Elder Early then described a story in the Book of Mormon where Lehonti was persuaded by the wicked Amalickiah to come down from his high place of security and fell into a plot that resulted in his death by degrees from poison.  He described how, in our battle of life, the adversary wants us to come down from our celestial or terrestrial high places and enjoy the pleasures of telestial living. Elder Early used such examples as premarital sex, betel nut, tobacco, alcohol and thus Satan poisons us by degrees, binds and enslaves us in his army.

 Elder Early beside the airstrip
Next, we headed to a favorite local site which has a 30 foot deep hole in the coral which is filled with about 20 feet of salt/fresh water.  We ate lunch and let the youth enjoy the water into which they jumped numerous times.  After an hour of fun and food, Sister Johnsen described an experience from the New Testament where a woman meets the Savior at the well.  She related to the youth how they know when their physical bodies are thirsty, but it is harder to know when our spirits are thirsty. We need to be giving them living water every day by learning about the Savior and following his example. She shared with the group a story about her son, Clark, who was in Russia doing 42nd Street. Shortly after arriving there, a theater was bombed. Some of the cast were so frightened that their theater would be in danger that they came back to the US. Others stayed but were scared to go to the theater every day. One young woman asked Clark why he was so cheerful and never afraid. He said he understood where he came from, why he was here on the earth, and where he was going when he died, so he has a sense of peace.  This is the living water that the Savior provides for his followers.
Sister Johnsen talking about living water
Jumping into the water hole

After lunch was over we headed to a memorial site where Elder Johnsen explained the staggering cost of the battle in deaths and battle wounds.  As we stood at the Japanese memorial, Sister Ramari described how the Savior offers first aid for our wounds during our battle of life.  We found, once again, in the Book of Mormon, a perfect example in the sons of Heleman who did not doubt—their fear was replaced by faith which protected them against their enemy.  The Savior has promised us He will support us in our trials in the battle of life.

Then up the hill we went to Bloody nose ridge; named by the 1st Marines who fought and died there.    Elder Johnsen described one particularly bloody battle for Hill 100.  Captain Everett Pope and his company penetrated deep into the ridges, leading his remaining 90 men to seize what he thought was Hill 100.  It took a day of fighting to reach what he thought was the crest of the hill, which was in fact just another ridge, occupied by more Japanese defenders.  Trapped at the base of the ridge, Pope set up a small defense perimeter, which was attacked relentlessly by the Japanese throughout the night.  The Marines soon ran out of ammunition, and had to fight the attackers with knives and fists, even resorting to throwing coral rock and empty ammunition boxes at the Japanese.  Pope and his men managed to hold out until dawn.  When they evacuated the position only nine men remained.  Pope later received the Medal of Honor for the action.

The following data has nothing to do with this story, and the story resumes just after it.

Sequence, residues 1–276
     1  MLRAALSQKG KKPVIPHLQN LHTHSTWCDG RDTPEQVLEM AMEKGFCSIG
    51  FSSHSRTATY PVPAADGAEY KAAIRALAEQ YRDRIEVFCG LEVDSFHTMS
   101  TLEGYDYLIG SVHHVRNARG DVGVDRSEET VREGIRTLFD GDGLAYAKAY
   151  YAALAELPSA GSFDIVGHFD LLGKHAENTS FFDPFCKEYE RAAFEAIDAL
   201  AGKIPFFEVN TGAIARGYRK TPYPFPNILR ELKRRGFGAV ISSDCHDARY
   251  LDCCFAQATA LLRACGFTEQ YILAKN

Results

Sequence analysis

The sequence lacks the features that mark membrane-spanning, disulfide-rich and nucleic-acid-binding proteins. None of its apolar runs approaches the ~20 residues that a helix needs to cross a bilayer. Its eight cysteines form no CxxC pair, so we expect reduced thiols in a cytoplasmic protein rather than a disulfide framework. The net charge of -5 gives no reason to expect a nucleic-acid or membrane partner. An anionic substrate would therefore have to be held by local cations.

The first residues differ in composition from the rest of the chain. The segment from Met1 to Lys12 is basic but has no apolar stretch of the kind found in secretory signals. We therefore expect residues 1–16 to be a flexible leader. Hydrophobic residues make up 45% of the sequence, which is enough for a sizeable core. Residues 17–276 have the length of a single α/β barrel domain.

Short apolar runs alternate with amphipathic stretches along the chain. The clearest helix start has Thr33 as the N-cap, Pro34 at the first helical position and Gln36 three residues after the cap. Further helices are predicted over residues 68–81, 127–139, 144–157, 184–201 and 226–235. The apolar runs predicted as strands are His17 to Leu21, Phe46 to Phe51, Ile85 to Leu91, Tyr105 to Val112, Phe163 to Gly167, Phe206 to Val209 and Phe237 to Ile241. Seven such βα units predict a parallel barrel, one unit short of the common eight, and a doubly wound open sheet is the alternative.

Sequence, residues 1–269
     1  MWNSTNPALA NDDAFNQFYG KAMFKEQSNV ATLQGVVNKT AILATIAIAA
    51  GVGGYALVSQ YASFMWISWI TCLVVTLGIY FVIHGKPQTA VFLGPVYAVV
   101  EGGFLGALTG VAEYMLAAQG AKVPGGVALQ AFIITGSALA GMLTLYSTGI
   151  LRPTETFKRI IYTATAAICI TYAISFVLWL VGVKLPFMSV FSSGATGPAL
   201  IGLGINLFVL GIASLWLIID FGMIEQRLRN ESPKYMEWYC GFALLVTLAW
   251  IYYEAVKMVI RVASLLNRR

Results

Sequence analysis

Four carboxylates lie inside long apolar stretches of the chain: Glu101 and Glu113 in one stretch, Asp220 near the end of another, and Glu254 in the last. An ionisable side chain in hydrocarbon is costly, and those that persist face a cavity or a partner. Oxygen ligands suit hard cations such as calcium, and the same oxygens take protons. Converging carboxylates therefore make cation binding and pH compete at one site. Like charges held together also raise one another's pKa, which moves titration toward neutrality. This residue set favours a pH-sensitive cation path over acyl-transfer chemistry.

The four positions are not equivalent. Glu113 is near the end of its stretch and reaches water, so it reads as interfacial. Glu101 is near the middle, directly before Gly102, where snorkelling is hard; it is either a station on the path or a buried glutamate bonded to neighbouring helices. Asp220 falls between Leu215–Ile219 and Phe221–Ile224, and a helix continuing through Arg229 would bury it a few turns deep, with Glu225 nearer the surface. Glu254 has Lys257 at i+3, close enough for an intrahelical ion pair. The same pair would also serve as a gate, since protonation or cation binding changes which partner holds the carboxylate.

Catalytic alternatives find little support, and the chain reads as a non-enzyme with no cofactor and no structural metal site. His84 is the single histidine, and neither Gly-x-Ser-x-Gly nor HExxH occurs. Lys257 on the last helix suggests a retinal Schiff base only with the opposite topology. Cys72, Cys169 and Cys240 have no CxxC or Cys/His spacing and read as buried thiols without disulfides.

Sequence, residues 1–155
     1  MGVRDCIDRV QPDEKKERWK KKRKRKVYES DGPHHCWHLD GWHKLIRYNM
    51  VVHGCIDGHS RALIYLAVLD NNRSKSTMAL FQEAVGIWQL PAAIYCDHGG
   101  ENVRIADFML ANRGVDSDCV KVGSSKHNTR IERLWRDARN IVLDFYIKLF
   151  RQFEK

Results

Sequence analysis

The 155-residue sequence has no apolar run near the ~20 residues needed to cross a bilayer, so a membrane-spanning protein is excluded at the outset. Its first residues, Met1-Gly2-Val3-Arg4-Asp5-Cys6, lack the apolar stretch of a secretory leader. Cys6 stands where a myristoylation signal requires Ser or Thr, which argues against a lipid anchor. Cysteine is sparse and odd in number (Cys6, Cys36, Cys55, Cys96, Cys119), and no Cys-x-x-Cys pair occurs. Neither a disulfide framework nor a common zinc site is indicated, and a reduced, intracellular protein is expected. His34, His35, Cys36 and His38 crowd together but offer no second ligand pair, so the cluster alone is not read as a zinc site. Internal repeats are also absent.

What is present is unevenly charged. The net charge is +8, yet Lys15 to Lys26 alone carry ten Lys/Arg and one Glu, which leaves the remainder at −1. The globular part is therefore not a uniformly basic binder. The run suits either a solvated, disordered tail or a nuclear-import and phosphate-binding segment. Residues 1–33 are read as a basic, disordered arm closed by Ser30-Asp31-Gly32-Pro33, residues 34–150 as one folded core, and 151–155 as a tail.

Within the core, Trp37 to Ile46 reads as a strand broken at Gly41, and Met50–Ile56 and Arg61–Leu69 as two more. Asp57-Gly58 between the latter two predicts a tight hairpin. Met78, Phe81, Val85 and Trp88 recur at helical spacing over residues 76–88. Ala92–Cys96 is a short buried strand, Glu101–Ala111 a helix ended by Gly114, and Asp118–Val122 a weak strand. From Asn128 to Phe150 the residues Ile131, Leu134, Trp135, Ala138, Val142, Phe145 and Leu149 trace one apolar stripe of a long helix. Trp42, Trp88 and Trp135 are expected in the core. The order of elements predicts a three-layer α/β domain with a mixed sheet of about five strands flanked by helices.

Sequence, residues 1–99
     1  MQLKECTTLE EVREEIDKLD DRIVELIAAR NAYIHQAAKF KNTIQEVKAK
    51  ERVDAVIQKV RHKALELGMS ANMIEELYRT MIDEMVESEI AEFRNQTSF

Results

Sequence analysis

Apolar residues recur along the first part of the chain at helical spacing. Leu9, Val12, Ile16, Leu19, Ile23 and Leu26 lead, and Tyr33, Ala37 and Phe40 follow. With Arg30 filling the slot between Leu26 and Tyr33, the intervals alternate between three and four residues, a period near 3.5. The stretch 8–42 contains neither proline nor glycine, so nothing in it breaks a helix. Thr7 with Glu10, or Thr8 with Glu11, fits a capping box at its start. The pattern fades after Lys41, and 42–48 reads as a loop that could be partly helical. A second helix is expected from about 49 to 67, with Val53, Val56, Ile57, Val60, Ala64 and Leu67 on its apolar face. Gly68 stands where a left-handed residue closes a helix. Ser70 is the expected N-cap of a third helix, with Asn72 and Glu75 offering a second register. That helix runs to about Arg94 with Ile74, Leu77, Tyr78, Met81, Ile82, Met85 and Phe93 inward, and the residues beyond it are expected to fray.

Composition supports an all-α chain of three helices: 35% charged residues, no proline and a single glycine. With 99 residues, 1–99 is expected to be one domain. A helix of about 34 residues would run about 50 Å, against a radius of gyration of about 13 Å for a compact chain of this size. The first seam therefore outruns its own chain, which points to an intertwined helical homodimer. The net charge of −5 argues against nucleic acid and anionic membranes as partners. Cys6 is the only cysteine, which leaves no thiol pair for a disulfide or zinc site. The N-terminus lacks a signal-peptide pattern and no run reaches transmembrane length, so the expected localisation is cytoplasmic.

Rodney, our young men’s president then described the battle of David vs. Goliath.  David, armed with only stones and a sling defeated Israel's enemy.  He described how we can face and defeat our own Goliath's with our 5 rocks of courage, effort, humility, prayer and love of duty (see Monson's address in January 1987 Ensign).  

The last two spots we visited contained a hollowed out cavern in which the Japanese had placed a 150mm Howitzer; nearby was a U.S. LST armored vehicle.  The Howitzer was an example of the clever use of camouflage.  There are certain things that the adversary wants to hide from our view, including the “rod of iron”, the “straight and narrow path”, the “tree of life”, and the “river of filthy water” (that is the consequences of sin).  What the adversary wants us to focus on is the “broad and spacious building”.  We all recognize those images as coming from Lehi’s dream found in 1 Nephi in the Book of Mormon.  Evangeline, our YW president, encouraged our youth to not be deceived, but to hold fast to the word of God.
At the Howitzer
In front of the Armored LST, Rilong Roberto discussed each article of protective spiritual gear as described by Paul in Eph. 6:11. 
Elder and Sister J at the LST
After 7 stops and 7 talks by 7 different leaders it was time to have more fun.  We re-boarded our boat and on our way back to Koror made two different stops for swimming in the rock islands.  In the first location we had a sandy beach and beautiful clear water. Everyone had a great time swimming.

Our last stop was at a rock island location called the Milky Way—so named for the milky white clay that lines the bottom of the waterway and gives the water a milky blue appearance.  Again the youth swam, they dove down and scooped up handfuls of the white mud and spread it over their bodies.  Everyone who did so looked at least 5 years younger the next day!
The Milky Way
Milky Way mud
Beauty treatment with the Milky Way mud
Twenty minutes after Elder and Sister Johnsen arrived home another storm blew in, and it poured rain all night and the next day.  We felt so blessed to have a whole day of perfect weather.  It was also gratifying to have a number of the youth bear their testimonies on Sunday.  We hope they (and the rest of us) will remember the lessons taught and will always be preparing for the Battle of Life.